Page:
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MyCAA – Part Two

February 19, 2010

Yesterday, while trying to get more information, a friend of mine, a retired military officer got rather “irked” at this latest slap in the face for military spouses. He sent an email to a few VSO’s and wow… some results… but then, if you read this, you’ll understand why.

I know we are having some economic and budget issues and there will be a lot of belt tightening ahead for all Americans, but it is this kind of unannounced top down driven unilateral actions by faceless alphabet soup federal agencies that leave many military members and their families jaded and untrusting of Government promises to help. The sad thing is most of these families would be pretty forgiving and understanding if only given fair and timely notice of the need to temporarily or even permanently shut down the program. They are patriotic and clearly put the needs of their nation before their families (or they would not be putting up with so many deployments) they just get tired of feeling like Charlie Brown trying to kick the football while Lucy holds it and pulls it away at the last minute. For some military members and their families, the problem with Government programs is that they are “government programs”.

(yeah, he absolutely ROCKS!)

One of the VSO folks got a response from a Congressional office, and has been kind enough to allow me to post it. So – from the Horse’s Mouth. – It’s an answer – it’s not the BEST answer, but at least it’s an answer.


“Military spouses represent a significant, young, diverse and motivated component of America’s labor force. We recognize that the military lifestyle calls for portable careers and that military spouses need access to education and training for careers that are portable and high-growth nationally. This short-term break will allow us to better assess the program to ensure we are achieving that goal.”

Tommy T. Thomas
Deputy Under Secretary of Defense
Military Community and Family Policy

During the DoD review of the MyCAA program, previously approved financial assistance for military spouses will be unaffected. Counseling support will remain available at the local installation and through Military OneSource. Military spouses are encouraged to continue to pursue career counseling and the development of their career training plans.


Questions and Answers

Q1. How many military spouses have contacted you for the MyCAA program?

A1. Nearly 133,000 military spouses have applied and approximately 98,000 spouses have been approved for financial assistance.

Q2. What is this “pause”?

A2. This pause is to review the software applications, financial assistance documents, and the overall program. This pause will not affect approved financial assistance documents. However, during the pause, no new MyCAA accounts may be created, and no new financial assistance applications will be accepted. Spouses who already have a MyCAA account may continue to use the MyCAA website for career counseling and planning.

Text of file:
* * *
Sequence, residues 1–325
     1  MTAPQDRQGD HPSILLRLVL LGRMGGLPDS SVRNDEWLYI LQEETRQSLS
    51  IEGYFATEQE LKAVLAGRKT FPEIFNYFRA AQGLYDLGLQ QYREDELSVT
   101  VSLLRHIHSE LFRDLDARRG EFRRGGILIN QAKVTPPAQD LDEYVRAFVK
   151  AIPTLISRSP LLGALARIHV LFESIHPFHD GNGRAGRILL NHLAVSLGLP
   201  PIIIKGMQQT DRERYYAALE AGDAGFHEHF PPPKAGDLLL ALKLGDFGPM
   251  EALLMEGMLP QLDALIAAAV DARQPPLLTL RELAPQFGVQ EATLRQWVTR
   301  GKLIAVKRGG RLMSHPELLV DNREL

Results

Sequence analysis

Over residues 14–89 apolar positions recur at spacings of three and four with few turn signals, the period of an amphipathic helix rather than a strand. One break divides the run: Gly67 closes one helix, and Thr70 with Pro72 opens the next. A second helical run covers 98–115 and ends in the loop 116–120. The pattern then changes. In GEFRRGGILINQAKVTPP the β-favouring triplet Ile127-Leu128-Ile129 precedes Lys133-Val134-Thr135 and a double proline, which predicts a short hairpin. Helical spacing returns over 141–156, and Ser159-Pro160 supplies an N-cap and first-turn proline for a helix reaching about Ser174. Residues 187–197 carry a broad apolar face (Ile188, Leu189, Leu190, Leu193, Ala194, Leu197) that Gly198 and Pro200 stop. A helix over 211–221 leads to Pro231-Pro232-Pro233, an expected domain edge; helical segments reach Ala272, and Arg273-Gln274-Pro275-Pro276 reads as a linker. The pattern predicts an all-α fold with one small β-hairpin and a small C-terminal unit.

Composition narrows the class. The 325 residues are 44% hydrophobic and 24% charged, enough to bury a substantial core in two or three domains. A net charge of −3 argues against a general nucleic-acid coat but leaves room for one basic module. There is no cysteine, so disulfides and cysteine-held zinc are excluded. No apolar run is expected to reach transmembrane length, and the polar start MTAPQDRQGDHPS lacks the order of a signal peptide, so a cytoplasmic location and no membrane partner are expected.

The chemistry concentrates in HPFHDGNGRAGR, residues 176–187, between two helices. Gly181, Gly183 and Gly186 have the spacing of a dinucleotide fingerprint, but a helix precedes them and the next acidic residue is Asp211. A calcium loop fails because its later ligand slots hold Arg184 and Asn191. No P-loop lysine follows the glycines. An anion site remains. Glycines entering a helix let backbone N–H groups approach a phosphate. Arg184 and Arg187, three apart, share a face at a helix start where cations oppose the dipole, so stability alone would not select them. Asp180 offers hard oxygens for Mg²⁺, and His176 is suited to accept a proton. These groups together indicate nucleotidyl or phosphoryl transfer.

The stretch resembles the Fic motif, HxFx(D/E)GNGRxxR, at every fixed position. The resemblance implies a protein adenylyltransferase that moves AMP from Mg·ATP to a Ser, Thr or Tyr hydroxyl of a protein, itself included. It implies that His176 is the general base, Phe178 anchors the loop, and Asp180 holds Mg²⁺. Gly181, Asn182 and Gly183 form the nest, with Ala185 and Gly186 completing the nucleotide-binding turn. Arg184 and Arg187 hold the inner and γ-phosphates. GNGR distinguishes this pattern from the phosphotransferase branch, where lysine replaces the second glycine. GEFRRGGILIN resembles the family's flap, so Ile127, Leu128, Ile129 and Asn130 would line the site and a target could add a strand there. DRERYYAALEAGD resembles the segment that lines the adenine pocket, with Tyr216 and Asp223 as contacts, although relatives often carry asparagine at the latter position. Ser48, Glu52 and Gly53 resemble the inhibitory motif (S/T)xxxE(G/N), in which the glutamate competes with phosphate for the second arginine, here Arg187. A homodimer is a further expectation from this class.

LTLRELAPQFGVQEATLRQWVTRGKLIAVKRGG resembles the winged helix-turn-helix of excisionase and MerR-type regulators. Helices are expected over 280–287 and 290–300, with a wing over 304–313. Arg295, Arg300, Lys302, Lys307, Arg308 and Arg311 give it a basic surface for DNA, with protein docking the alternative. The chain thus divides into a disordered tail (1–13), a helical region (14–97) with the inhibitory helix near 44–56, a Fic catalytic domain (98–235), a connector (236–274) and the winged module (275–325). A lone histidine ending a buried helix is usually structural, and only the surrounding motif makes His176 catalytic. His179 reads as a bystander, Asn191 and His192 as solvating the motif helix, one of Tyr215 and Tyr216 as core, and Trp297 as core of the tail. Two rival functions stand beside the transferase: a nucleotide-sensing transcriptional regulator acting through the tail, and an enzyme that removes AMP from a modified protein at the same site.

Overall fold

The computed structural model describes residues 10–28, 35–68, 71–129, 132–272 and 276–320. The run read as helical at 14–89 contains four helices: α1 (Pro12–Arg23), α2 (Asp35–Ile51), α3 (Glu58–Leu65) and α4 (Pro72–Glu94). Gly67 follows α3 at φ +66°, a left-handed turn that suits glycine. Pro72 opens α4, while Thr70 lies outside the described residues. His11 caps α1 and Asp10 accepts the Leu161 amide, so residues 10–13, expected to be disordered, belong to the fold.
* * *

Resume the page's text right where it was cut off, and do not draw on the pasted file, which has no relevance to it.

Q3. Why is this pause necessary?

A3. The program, without any formal advertisement, has been extremely successful with high demand. The Defense Department is conducting this review to ensure the program is meeting the intent of its establishing legislation, which was to provide spouses with increased opportunity for portable careers.

Q4. How long will the pause continue?

A4. An end date for the pause has not yet been determined. Defense Department officials hope to resume accepting financial assistance applications in a few months.

Q5. Are there other similar programs available to military spouses?

A5. There are a wide variety of government programs open to military spouses. The most prominent among these are the Post 9/11 GI Bill and selected voluntary education programs available on installations and program Web sites.

Q6. Where can military spouses go for additional advice and counseling?

A6. Military OneSource, toll-free at (800) 342-9647 and online at is the best place for military spouses to start in getting information. Military OneSource Spouse Education and Career Consultants can provide education and training, career exploration, assessment, employment readiness and career search assistance.

Q7. What about spouses who have an approved career training plan, but do not have financial assistance approved for some courses?

A7. No new or pending financial assistance accounts will be approved during this review period. Spouses with a MyCAA account may continue to use the MyCAA Web site for career counseling and planning.

On a personal note, I talked to my counselor at the online school I was going to use, and told him, it’s all on hold. He was telling me that the servers at the MyCAA offices are constantly going down, they simply didn’t plan this out well enough. As a bunch of us have been saying – the Cart really went before the Horse here – there was no beta testing to get initial feedback. BAD planning, folks, BAD planning.